My favourite character was definitely Rukhsana, she warmed my heart throughout and I just wanted to give her a great big cuddle! I loved that the most unlikely of characters brought them all together.

Thank you to Compulsive Reads Blog Tours and Zaffre Books for my #gifted copy in exchange for review.

Ayisha Malik is a writer and editor, living in South London. She holds a BA in English Literature and a First Class MA in Creative Writing. Her novels Sofia Khan is Not Obliged and The Other Half of Happiness, starring ‘the Muslim Bridget Jones’, were met with great critical acclaim, and Sofia Khan is Not Obliged was chosen as 2019’s Cityread book. Ayisha was a WHSmith Fresh Talent Pick, shortlisted for the Asian Women of Achievement Award and Marie Claire’s Future Shapers Awards. Ayisha is also the ghost writer for The Great British Bake Off winner, Nadiya Hussain.

#OddBird

Simon Selwood is an academic expert on the monogamous sexual behaviour of birds, but hopeless at finding human love. Then he meets Kim, and at last something is more important to him than ornithology.

Kim doesn’t give a hoot about birds. And at first she isn’t very interested in Simon either. Relying on what he has gleaned from observing the opportunistic pied flycatcher and other species, plus the unorthodox advice of old friend Phil, Simon sets out on a mission to discover love for himself.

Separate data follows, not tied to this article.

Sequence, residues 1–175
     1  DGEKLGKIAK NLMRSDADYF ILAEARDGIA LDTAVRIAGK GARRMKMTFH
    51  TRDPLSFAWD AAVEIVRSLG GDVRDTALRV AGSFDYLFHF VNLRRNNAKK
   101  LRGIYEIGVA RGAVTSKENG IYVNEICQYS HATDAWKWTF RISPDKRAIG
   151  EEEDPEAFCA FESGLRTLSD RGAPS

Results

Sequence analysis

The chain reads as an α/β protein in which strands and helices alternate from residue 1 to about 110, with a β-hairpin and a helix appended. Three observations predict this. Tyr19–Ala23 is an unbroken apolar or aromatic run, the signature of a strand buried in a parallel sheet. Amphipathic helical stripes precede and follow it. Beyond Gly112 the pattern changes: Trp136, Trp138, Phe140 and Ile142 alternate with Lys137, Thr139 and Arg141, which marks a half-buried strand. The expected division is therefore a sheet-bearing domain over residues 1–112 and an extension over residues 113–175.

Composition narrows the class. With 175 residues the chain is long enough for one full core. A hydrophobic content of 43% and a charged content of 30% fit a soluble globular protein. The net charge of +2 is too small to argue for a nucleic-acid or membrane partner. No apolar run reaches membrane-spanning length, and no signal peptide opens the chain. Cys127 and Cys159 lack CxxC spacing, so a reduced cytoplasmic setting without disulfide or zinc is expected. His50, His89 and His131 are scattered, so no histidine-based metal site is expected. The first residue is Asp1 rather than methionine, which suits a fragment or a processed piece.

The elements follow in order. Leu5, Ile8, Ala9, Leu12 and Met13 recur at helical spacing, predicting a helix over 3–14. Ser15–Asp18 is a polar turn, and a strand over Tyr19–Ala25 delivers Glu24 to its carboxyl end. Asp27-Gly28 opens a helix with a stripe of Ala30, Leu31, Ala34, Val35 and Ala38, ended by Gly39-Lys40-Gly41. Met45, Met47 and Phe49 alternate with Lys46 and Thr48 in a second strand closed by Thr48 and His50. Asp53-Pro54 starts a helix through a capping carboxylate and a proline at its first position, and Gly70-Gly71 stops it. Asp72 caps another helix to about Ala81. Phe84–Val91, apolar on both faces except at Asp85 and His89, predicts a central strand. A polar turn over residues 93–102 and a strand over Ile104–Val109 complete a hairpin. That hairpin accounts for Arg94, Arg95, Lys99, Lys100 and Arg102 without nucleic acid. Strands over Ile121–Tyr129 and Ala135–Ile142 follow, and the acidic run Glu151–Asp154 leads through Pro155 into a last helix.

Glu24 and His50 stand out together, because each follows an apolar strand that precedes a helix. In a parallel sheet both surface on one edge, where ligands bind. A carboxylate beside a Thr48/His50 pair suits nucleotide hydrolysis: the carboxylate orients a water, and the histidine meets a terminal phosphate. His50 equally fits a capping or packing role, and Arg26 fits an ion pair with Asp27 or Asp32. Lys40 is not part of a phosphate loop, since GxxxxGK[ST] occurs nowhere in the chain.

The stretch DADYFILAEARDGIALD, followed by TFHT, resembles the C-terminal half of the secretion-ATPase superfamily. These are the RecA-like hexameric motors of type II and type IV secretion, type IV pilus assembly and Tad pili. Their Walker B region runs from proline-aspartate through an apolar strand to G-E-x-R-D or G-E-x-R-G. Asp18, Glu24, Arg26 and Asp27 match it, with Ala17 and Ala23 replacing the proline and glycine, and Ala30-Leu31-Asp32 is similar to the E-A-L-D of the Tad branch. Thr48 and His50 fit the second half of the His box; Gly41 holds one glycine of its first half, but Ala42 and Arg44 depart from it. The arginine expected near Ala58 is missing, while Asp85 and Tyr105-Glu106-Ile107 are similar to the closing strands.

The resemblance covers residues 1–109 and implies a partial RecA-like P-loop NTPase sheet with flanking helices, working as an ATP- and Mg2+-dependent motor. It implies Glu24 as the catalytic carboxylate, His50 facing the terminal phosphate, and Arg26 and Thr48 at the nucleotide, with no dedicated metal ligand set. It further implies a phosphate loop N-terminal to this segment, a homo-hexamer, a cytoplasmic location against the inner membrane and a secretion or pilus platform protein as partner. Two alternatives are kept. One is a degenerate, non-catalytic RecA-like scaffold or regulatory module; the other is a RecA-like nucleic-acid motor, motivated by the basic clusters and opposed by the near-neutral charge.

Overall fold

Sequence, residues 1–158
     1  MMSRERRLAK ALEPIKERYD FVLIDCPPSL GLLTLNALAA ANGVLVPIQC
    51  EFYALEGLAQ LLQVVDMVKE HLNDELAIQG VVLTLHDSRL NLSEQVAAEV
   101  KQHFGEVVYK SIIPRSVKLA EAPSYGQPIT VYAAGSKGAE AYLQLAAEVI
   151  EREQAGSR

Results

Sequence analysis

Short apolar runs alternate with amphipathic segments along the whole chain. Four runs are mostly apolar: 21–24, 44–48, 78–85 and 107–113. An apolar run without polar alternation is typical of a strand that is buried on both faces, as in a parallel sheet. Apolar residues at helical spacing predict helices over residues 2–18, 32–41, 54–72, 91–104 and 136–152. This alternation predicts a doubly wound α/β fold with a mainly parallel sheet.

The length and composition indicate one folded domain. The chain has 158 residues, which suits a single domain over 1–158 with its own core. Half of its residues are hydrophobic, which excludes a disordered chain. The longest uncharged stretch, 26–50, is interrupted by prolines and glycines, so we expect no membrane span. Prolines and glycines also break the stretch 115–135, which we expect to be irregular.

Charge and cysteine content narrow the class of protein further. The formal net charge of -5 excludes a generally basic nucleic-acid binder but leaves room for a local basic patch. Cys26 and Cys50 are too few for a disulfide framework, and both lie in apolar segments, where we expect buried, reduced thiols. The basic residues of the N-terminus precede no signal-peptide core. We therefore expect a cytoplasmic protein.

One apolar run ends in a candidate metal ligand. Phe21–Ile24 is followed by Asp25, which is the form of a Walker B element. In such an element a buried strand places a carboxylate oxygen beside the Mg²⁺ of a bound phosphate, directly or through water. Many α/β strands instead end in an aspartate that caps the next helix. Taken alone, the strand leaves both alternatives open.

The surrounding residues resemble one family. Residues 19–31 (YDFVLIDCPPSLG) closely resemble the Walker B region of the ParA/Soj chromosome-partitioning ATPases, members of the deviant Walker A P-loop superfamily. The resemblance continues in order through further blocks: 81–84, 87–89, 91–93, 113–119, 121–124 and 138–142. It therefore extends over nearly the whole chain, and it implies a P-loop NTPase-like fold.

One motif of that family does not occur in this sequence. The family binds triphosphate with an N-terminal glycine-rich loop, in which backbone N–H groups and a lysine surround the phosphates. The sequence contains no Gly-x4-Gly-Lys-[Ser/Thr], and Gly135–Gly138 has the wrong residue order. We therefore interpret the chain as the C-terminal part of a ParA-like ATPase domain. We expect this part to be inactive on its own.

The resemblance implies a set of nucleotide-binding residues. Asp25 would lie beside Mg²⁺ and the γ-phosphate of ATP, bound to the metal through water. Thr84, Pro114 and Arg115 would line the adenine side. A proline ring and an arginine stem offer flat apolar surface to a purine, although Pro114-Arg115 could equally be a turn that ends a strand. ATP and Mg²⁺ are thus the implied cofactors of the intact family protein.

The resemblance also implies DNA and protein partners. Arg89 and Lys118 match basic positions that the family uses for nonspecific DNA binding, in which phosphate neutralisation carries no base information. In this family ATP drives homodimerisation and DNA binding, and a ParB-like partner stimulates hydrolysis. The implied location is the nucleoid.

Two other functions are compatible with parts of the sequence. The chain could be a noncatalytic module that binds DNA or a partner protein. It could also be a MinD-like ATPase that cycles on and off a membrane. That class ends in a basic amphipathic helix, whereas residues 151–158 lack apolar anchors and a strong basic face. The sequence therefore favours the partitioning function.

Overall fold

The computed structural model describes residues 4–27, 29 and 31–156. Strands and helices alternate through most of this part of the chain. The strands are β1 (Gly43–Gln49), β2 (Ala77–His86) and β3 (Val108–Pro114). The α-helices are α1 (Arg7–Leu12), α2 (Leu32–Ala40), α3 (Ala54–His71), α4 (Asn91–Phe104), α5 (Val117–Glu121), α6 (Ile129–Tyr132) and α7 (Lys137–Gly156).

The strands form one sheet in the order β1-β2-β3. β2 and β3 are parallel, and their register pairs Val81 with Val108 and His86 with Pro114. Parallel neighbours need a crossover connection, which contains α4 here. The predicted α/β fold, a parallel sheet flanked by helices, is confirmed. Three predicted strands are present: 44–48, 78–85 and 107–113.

But will he make the right choice?

Odd Bird takes a light-hearted look at the battle of the sexes, drawing on the surprising parallels between the courtship behaviours of humans and birds.

This is the story of Simon who has only had one relationship in his life and when that comes to an end he starts to question his ability to find love. He then meets Kim and focus’s all his attention on her, confident that she is the one for him but what if his focus on Kim stops him seeing who would really be perfect for him?

Simon is a brilliant, likeable character and you just want to see a happy end for him. I liked the humour and loved his friendship with Phil and Penny but at times I do think that there was a little too much in-depth bird terminology/ descriptions.

This is definitely one for fans of the Rosie Project or any bird lover!

Thank you to @farragobooks and @leefarniefarns for my #gifted copy in exchange for review.

#LoveSongsforSceptics

My brother’s getting married in a few weeks and asked for help picking a song for his first dance. I suggested Kiss’s ‘Love’s a Slap in the Face’.

It didn’t go down well.

When she was a teenager, Zoë Frixos fell in love with Simon Baxter, her best friend and the boy next door. But his family moved to America before she could tell him how she felt and, like a scratched record, she’s never quite moved on. Now, almost twenty years later, Simon is heading back to London, newly single and as charming as ever . . .
But as obstacles continue to get in her way – Simon’s perfect ex-girlfriend, her brother’s big(ish) fat(ish) Greek wedding, and an obnoxious publicist determined to run Zoë – Zoë begins to wonder whether, after all these years, she and Simon just aren’t meant to be.

What if, despite what all the songs and movies say, your first love isn’t always all it’s cracked up to be? What if, instead Zoë and Simon are forever destined to shuffle around their feelings for each other, never quite getting the steps right . . .

Love Songs for Sceptics is perfect for fans of Mhairi McFarlane, Lucy Vine and Lindsey Kelk.